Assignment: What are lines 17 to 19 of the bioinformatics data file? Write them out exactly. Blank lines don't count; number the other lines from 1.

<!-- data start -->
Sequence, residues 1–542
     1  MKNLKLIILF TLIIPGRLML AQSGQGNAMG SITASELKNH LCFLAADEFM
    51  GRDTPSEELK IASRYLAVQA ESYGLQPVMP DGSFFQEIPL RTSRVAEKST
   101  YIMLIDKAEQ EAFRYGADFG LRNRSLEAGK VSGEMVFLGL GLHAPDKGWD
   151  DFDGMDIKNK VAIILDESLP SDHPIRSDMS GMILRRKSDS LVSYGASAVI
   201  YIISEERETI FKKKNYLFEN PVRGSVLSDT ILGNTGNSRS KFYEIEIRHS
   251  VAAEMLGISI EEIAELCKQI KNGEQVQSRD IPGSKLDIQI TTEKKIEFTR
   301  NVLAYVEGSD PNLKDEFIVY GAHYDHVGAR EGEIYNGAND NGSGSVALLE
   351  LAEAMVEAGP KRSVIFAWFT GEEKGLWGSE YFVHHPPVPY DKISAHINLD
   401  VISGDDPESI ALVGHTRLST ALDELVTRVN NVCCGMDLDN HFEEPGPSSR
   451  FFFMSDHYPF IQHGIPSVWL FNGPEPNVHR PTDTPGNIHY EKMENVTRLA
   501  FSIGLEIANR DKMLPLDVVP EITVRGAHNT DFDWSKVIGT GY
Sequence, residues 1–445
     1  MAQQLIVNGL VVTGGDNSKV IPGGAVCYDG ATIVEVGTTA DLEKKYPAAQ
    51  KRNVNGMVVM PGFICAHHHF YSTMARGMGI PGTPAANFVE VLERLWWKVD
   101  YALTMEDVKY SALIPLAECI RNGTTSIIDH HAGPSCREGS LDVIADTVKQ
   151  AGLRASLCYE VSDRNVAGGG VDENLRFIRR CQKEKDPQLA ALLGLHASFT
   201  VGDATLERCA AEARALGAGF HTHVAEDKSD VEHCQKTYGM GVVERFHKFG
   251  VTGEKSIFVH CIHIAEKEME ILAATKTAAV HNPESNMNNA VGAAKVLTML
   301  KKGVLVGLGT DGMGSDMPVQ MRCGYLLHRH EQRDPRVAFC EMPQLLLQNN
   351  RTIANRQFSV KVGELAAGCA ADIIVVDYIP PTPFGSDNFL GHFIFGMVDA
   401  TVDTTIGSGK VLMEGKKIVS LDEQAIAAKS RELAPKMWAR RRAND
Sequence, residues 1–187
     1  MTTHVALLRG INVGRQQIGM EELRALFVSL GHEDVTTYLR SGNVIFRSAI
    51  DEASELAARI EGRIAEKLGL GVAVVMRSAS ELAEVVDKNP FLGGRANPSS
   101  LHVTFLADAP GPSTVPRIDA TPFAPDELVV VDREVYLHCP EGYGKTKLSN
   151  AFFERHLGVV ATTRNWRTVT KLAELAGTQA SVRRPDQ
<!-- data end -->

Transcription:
   151  AGLRASLCYE VSDRNVAGGG VDENLRFIRR CQKEKDPQLA ALLGLHASFT
   201  VGDATLERCA AEARALGAGF HTHVAEDKSD VEHCQKTYGM GVVERFHKFG
   251  VTGEKSIFVH CIHIAEKEME ILAATKTAAV HNPESNMNNA VGAAKVLTML